One of 13 CBC portable SPC/Weight Workstations is used to check package weights. Source: Hertzler Systems.

With four production facilities, Consolidated Biscuit Company (CBC) is the second-largest privately-held cookie and cracker producer in the US. Its McComb, OH, facility pumps out 100 million cookies and crackers a day. Today, the plant is breaking new ground with an old concept: statistical process control (SPC).

Though CBC used paper and pencil-based control charts for years, giveaways remained an issue.  SPC was in place for package weights, but the frequency of the checks and the location of the scales made for long response times when a problem was found. Reducing giveaways represented a significant cost-reduction opportunity, and the newly hired director of quality, Kevin Rackham, was given the task.

Rackham and his team developed a portable weight monitoring and tracking system with appropriate SPC software that could provide an accurate and reliable means of documenting product weights and ensuring compliance with packaging weight laws. The data collection station is a tall stainless steel and plastic cart on lockable casters.  Each cart houses a PC with a keyboard and mouse, a barcode scanner and a scale.  A wireless network ensures the ultimate flexibility. 

Hertzler Systems Inc.’s GainSeeker met the team’s technical requirements for SPC software.  Users sign in by swiping a barcode on their badge. Supervisors can add new users from stations anywhere in the factory.  GainSeeker pulls scheduling information from the master schedule on CBC’s AS/400.  When an operator signs in and indicates a packaging line, he is presented with a list of products scheduled for that line on that shift.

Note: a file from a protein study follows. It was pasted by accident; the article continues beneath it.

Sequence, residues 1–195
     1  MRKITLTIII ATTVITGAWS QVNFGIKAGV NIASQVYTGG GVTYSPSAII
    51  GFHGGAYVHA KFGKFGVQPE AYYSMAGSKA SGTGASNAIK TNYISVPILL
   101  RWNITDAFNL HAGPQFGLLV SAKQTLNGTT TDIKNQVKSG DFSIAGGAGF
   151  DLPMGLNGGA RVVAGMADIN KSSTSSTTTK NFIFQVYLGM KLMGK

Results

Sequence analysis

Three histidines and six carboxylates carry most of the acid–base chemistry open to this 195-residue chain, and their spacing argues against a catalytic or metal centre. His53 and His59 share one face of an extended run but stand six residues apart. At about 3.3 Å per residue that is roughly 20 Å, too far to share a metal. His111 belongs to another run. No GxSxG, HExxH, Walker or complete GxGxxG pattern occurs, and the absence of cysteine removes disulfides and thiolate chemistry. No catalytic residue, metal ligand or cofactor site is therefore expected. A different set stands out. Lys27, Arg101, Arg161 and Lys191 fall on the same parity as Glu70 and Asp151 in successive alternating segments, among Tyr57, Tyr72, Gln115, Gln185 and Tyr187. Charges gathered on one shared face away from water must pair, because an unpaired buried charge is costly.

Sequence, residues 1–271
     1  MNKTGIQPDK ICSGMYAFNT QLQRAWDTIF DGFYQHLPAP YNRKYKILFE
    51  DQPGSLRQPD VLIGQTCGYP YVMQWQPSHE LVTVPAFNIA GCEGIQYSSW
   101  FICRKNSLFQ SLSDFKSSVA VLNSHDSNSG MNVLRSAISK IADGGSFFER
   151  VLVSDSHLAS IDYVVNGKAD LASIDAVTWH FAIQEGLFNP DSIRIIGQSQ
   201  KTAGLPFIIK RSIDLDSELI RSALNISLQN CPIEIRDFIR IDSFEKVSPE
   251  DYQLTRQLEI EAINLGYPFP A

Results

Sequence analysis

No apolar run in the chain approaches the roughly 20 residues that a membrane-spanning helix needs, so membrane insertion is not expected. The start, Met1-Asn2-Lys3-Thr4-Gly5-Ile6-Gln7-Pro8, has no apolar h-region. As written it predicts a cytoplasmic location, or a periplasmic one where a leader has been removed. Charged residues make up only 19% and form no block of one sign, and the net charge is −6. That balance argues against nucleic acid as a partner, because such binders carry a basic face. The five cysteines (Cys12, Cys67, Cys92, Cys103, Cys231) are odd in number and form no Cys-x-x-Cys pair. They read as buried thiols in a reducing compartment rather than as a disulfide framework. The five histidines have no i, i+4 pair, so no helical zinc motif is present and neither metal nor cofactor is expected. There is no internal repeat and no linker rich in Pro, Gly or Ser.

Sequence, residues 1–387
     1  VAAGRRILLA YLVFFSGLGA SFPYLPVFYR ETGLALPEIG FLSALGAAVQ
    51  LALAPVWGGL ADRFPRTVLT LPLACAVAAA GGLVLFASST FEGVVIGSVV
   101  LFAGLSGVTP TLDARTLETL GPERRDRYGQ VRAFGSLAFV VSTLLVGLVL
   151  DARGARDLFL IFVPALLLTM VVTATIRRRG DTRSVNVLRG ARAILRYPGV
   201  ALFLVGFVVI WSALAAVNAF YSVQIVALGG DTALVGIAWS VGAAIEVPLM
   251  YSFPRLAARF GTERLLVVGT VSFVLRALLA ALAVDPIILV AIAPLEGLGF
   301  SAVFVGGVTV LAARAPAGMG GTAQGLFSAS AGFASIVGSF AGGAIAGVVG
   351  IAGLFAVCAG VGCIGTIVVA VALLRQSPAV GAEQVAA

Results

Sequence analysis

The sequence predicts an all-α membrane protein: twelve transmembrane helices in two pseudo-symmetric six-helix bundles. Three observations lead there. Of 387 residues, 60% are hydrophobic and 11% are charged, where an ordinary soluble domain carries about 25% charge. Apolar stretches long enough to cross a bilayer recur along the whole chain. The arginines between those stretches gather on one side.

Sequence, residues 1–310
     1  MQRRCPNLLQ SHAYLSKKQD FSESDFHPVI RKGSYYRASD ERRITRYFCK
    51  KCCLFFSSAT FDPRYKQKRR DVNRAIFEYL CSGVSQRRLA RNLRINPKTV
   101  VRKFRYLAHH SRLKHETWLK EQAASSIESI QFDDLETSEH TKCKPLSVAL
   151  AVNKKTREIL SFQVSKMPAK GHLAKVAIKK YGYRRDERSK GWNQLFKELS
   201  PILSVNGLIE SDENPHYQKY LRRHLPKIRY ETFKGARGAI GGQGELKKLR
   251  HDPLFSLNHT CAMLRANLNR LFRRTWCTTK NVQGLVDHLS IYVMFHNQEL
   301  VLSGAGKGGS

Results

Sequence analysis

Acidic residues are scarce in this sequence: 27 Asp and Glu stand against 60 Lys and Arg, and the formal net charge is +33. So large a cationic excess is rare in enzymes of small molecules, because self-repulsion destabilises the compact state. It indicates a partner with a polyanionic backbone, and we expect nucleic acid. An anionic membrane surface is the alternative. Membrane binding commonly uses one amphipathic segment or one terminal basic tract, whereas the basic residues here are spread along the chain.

In the McComb plant, 13 production lines feed two to 10 baggers on each line.  CBC’s control plans require five-piece samples be taken every half-hour from each bagger. To accommodate the volume of samples, 13 SPC carts are used now across the facility.  A packaging operator takes the hourly sample to the cart, swipes a badge, selects the bagger number from a drop-down list, selects from the scheduled products and begins weighing.  One bag of cookies is placed on the scale.  As soon as the scale stabilizes, the weight is recorded, and the operator is prompted to remove the first bag and place the second bag on the scale.  After all five bags are weighed, if an out of control condition is observed, the operator is prompted to enter the cause of the condition.   

“We really don’t know what we did without it,” commented Deb Keeler, quality manager.  “Operators are paying more attention to their weights, and we [management] have better visibility of what’s happening.”   

The cost savings resulting from improved process control in packaging paid for the GainSeeker system’s purchase and set-up in well under a year.  The success in the packaging department has gained the attention of plant leadership for upstream, real-time process control.  Other applications are being explored by the maintenance department for preventive maintenance documentation and sanitation schedule compliance verification. u

For more information: Adrienne DePew, 574-533-0571,